However, direct potable recycling is very rare in the United States. As in many countries, the adoption of this technology faces significant hurdles (Po et al., 2003). This study instead focuses on choices among the more common approaches to the use of recycled water: indirect potable recycling, which occurs by recharging aquifers for future potable water supply, and direct nonpotable recycling through the second system of urban water-supply pipes known as ‘dual reticulation’ or purple pipes. The second option offers strong sustainability benefits because it conserves water and energy, reduces demand on more distant water sources, and reduces local groundwater extraction. A third option, exchanges of treated effluent with agricultural water-supply systems, can also be found. Although WSOs in the United States tend to prefer these forms of water recycling to direct potable recycling, cities are not all rushing into these technologies. Furthermore, when WSOs adopt water-recycling technologies, they do not always give primacy of place to dual-reticulation systems. By exploring how and why this happens, this study will improve understanding of choices among the types of nonpotable water-recycling technologies. In the process, it will make a general contribution to the study of why some sustainable niches do not always scale up to achieve their full potential. The study does so by developing a comprehensive framework that includes psychological, technical, economic, institutional, and political factors.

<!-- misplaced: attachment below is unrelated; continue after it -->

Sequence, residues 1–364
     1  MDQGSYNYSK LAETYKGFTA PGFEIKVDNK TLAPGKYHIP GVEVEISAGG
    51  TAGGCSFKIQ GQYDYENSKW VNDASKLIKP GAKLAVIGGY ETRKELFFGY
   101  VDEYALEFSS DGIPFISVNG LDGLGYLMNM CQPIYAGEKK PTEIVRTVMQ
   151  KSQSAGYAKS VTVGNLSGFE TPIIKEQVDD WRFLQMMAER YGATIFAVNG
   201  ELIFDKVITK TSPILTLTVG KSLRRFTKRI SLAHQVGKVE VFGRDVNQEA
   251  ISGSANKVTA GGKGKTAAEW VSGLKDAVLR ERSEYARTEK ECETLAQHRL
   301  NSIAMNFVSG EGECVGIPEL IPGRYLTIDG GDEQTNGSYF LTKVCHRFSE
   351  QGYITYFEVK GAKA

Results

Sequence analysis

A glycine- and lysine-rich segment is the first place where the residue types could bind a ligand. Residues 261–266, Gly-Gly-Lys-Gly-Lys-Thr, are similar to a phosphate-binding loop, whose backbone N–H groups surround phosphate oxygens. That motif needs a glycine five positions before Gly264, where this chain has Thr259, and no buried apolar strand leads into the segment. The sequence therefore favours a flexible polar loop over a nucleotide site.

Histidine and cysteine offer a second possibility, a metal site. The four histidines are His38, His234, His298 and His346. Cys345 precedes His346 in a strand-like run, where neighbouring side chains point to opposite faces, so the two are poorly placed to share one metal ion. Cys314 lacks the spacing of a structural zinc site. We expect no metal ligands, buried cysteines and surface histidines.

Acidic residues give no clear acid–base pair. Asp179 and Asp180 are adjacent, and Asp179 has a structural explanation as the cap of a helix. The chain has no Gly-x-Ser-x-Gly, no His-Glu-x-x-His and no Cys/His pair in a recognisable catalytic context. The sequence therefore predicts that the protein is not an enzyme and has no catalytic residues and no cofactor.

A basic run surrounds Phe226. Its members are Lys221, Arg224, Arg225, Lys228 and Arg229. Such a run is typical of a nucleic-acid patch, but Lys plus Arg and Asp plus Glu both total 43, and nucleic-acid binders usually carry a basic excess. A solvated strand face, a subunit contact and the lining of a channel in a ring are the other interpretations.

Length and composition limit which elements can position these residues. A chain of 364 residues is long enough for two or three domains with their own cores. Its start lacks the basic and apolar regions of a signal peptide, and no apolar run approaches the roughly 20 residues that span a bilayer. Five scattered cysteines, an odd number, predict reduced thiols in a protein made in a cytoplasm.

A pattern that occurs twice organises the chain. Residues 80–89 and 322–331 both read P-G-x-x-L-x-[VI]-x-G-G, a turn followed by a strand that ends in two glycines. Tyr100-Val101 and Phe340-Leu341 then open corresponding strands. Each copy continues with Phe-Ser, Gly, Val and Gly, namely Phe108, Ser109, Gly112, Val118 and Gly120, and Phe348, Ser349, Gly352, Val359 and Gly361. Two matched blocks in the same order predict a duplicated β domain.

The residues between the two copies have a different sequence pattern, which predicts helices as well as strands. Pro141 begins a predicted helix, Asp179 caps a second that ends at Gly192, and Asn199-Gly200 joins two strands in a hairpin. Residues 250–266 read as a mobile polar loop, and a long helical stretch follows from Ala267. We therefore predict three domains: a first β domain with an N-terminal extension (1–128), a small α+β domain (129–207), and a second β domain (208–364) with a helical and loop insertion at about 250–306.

Background

This study draws on the research field of transition studies by treating water-supply systems as technological systems (TSs). TSs are complex networks of elements that include natural resources, sociotechnical systems (organizations, consumers, infrastructures, regulations, and technologies), and cultural systems (cognitive and normative categories for orienting action; Geels & Schot, 2007). TSs tend to stabilize into a configuration known as a regime, and a group of ‘regime actors,’ such as WSOs and their partners, is generally responsible for maintaining the TS. When significant changes occur in the configuration of elements of a TS, we say that it has undergone a transition. Innovations are developed by ‘niche’ actors, which can be located in a variety of organizational settings, sometimes in the regime organizations themselves but also in civil society, businesses, universities, or the government. Sometimes, the innovations are compatible with the regime, may even be supported by regime actors, and face relatively easy adoption pathways; however, in other cases, regime actors may view the innovations as disruptive and threatening, and they may resist the scaling up of the innovations (Geels, 2014).